Collins English Dictionary describes ‘soft skills’ as ‘desirable qualities for certain forms of employment that do not depend on acquired knowledge: they include common sense, the ability to deal with people, and a positive flexible attitude’.
Certainly, the connotation is that someone who has common sense and a positive attitude is thought of as having good ‘soft skills’. But it can and does go deeper.
Well, think of hard skills as the technical ability to actually do the job. You can be trained and coached to achieve a competency level and these are necessary to get the job done. You can improve and become adept and even expert at ‘hard skills’.
What are soft skills, then? ‘Soft skills’ go further and can be seen as how you relate to yourself and others, how you organise yourself and how you gather and apply life skills that get you noticed. I like to refer to them as your ‘unique selling points’; they are what make you…you!
So, why are soft skills important? Well, they can be a differentiator between you and every other person. Imagine you’re going for that new job. Your skill sets are just as good as other applicants. You have the same experience and technical competence. What will differentiate you from the others?
It could be the way you sell yourself to the interviewers. The way you communicate your plans for how you will drive their company forward or how you build rapport with the interviewers and their company.
All these points can be considered ‘soft skills’. You could think of them as the essential skills needed in order to build constructive relationships with others. What are the soft skills that will make that difference?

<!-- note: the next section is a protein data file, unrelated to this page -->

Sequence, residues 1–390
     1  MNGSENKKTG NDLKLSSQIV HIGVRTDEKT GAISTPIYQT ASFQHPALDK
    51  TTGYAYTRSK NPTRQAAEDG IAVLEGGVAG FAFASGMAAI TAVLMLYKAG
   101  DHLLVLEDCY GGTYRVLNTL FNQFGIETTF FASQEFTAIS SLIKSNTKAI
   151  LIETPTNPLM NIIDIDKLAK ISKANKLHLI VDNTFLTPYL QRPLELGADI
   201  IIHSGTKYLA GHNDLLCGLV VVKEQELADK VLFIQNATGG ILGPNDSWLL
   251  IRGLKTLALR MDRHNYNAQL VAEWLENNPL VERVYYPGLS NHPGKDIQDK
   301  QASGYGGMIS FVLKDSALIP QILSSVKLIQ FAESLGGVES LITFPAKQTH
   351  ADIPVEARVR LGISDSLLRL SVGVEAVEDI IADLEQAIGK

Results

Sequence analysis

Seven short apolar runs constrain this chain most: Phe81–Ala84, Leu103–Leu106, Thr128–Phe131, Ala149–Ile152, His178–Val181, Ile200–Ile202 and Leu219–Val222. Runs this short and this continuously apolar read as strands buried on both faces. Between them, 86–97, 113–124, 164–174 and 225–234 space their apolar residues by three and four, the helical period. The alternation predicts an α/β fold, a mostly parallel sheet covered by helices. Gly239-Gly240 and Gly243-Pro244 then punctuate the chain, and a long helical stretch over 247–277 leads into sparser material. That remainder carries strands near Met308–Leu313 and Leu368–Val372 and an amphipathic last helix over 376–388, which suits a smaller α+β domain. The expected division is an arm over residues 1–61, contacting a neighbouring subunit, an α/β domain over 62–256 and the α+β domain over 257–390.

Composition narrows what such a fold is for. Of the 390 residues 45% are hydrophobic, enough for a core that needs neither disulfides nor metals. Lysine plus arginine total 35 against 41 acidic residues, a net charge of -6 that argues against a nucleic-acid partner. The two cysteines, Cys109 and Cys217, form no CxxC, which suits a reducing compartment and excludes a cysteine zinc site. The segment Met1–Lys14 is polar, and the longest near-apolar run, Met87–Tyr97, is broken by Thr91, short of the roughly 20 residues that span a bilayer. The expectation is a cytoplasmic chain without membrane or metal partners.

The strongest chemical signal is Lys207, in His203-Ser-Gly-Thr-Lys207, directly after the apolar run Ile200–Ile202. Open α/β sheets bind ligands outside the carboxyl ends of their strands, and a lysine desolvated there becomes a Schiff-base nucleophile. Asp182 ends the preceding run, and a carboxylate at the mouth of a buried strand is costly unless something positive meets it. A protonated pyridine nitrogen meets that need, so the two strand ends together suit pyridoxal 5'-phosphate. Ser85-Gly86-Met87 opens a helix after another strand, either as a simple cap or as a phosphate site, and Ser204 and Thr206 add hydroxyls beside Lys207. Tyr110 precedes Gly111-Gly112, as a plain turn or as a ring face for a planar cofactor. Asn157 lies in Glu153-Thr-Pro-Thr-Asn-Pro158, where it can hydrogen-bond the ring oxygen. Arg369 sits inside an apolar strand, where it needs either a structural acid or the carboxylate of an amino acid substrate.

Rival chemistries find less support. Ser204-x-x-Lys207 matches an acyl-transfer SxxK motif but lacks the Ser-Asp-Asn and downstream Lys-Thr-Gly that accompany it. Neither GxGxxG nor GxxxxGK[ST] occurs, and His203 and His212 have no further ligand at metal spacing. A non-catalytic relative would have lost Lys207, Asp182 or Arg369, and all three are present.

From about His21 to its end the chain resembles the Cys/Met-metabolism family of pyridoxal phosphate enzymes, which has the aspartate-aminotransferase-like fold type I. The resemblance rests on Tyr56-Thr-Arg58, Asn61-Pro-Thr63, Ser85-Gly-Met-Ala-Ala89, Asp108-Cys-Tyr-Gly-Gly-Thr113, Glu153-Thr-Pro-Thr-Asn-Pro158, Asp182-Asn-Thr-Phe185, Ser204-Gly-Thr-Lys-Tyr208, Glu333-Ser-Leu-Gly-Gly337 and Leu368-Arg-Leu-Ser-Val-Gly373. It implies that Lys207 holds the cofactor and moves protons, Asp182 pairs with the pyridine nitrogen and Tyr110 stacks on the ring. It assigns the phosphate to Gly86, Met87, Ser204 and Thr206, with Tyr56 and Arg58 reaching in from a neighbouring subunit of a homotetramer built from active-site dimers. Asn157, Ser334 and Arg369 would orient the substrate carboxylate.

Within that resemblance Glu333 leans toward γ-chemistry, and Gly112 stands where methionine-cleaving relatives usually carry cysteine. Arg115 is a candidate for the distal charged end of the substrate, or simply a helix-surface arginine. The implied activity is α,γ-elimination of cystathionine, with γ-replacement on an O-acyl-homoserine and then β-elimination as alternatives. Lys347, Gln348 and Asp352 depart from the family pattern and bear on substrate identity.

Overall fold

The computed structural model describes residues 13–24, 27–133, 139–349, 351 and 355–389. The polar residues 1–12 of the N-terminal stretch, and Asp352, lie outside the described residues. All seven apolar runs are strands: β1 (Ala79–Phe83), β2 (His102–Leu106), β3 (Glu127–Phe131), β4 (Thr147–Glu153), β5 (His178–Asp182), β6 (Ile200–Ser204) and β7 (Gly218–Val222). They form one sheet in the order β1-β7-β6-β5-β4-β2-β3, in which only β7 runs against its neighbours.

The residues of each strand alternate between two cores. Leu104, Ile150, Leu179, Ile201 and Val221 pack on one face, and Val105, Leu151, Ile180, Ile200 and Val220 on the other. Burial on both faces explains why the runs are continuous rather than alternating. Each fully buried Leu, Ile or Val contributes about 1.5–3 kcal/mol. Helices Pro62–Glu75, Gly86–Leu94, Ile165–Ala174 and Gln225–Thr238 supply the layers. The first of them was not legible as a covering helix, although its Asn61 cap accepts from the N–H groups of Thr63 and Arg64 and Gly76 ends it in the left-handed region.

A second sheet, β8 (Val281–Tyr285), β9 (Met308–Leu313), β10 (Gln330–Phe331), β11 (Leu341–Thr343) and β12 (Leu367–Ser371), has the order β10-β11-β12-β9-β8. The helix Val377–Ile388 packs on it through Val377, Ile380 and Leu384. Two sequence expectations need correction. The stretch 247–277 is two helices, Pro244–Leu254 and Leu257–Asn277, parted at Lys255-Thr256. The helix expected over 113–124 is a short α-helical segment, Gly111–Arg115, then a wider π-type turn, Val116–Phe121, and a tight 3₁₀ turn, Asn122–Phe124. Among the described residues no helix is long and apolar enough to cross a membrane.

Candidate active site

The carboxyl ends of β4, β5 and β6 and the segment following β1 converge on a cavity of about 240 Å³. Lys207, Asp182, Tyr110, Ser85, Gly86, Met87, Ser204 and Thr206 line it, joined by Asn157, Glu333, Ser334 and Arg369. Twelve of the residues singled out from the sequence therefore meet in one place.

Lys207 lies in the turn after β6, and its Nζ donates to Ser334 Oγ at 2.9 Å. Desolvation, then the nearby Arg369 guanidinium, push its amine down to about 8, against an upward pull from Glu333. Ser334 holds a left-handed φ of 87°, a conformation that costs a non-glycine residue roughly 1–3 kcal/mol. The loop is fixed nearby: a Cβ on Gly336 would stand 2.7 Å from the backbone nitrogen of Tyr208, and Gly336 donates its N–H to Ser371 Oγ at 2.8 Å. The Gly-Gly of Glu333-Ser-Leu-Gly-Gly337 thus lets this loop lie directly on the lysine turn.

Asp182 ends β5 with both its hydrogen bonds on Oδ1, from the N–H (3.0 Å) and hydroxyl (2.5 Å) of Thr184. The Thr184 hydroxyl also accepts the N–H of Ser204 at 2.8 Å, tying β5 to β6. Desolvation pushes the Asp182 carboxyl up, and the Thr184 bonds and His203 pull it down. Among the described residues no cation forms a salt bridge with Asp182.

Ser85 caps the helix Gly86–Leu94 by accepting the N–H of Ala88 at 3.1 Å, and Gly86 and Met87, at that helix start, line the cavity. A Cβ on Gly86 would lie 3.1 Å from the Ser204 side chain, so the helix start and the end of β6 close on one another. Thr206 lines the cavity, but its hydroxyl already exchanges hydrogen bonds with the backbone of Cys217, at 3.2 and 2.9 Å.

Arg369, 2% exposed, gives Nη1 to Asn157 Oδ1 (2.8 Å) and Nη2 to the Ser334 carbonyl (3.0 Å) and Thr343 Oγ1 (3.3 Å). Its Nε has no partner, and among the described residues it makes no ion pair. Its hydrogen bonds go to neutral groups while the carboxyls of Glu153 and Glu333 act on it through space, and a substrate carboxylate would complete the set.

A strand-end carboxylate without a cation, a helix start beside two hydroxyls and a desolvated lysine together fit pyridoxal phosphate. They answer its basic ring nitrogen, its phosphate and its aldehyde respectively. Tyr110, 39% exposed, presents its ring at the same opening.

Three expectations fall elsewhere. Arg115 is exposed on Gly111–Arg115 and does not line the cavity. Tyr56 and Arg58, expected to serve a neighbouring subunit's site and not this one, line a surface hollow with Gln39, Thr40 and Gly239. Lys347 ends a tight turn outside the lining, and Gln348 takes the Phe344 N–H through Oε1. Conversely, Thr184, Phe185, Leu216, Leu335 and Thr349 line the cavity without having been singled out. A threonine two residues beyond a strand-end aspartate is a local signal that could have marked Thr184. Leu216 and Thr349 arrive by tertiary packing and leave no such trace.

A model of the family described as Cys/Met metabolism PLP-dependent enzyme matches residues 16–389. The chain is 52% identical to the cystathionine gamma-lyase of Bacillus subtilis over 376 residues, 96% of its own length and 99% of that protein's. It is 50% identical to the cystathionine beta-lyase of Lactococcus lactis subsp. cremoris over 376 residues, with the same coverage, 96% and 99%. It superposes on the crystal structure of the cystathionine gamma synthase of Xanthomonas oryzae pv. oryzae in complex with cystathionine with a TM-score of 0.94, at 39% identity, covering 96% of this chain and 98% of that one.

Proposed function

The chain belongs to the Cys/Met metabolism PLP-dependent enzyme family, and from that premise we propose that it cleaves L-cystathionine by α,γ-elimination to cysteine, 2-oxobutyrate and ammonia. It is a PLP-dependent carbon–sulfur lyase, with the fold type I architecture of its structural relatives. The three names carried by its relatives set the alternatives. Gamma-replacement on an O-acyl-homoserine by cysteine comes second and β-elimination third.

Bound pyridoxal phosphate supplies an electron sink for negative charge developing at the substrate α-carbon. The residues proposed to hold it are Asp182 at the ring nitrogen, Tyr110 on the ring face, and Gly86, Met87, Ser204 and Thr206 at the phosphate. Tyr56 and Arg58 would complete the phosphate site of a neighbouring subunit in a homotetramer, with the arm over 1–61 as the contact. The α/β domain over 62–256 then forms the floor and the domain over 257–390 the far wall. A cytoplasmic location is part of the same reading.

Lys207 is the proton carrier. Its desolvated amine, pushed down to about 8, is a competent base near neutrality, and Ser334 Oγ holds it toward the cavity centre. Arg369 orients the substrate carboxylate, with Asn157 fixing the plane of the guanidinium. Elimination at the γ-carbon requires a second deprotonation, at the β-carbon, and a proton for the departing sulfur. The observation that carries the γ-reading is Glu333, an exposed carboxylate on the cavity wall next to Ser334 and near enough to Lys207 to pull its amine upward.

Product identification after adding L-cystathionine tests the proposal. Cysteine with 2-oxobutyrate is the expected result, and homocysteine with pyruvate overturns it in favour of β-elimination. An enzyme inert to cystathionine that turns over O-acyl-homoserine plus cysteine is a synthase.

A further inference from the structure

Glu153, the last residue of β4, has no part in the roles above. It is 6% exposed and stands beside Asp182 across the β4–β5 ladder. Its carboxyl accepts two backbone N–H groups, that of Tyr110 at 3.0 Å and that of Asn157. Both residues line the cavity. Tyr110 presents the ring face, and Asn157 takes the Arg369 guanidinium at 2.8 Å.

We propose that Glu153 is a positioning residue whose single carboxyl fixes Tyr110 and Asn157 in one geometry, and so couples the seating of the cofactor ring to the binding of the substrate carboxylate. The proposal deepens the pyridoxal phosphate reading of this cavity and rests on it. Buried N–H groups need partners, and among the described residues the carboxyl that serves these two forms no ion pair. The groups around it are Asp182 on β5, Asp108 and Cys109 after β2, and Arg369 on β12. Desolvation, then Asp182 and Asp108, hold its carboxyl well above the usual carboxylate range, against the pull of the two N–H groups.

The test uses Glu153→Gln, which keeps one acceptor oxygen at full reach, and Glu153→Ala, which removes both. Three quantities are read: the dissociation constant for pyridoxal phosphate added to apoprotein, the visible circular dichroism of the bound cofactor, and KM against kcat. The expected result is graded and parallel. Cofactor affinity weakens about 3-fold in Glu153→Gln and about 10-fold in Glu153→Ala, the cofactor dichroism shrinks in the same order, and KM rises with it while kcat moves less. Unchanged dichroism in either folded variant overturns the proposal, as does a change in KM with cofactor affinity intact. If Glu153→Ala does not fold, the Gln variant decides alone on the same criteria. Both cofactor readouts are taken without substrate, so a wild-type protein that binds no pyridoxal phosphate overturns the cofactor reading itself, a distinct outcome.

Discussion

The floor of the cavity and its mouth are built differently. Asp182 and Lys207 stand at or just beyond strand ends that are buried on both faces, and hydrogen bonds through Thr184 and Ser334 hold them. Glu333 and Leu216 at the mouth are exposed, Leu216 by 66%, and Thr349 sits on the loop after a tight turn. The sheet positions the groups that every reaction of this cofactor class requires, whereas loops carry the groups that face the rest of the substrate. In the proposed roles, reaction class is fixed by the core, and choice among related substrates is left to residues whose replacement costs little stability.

Consider these to be some of them:
What job have you seen advertised that doesn’t have ‘communication’ in the list of desirable skills? What this means is the ability to build relationships, get on with teammates, have great listening skills and employ good problem-solving skills. Everyone can improve their communication, so this is an area that can be worked on continuously.
Most jobs require you to be good at solving problems, but it’s how you go about building those skills and developing the way you deal with concerns and obstacles that will show how well-developed your soft skills are. Again, these can be developed with practice.
This can be seen from two perspectives; how you motivate yourself and how you motivate others.
Soft skills are important in both these elements because they can make or break a project or a campaign or a team. Motivation is the driving force behind what makes people do what they do, so by developing the soft skills of motivation, you prove yourself to be valuable to yourself and others.
Teams rely heavily on each member being good with soft skills because all teams need to have elements of communication at all levels. As teams progress on projects, the use of hard skills becomes less important than soft skills, because, without them, the team suffers from a lack of progress and obstacles take over.
Nothing can drive soft skills further and develop them quicker than having a positive attitude. If people can see the positive outcome in all they do, they start to approach problems and challenges from an attitude of ‘solution-focused’. This positivity can be developed, as can all soft skills, through practice and applying results. With a positive outlook, solutions appear clearer and the ability to apply all other soft skills becomes easier.
We can see why soft skills are important in every aspect of life, and the great thing about them is…we will never be perfect! We can always improve, and the more we practice, the more we will show our value to others.
Find a list of management training courses to complement your soft skills with MTD Training.
Originally published: 6 March, 2019
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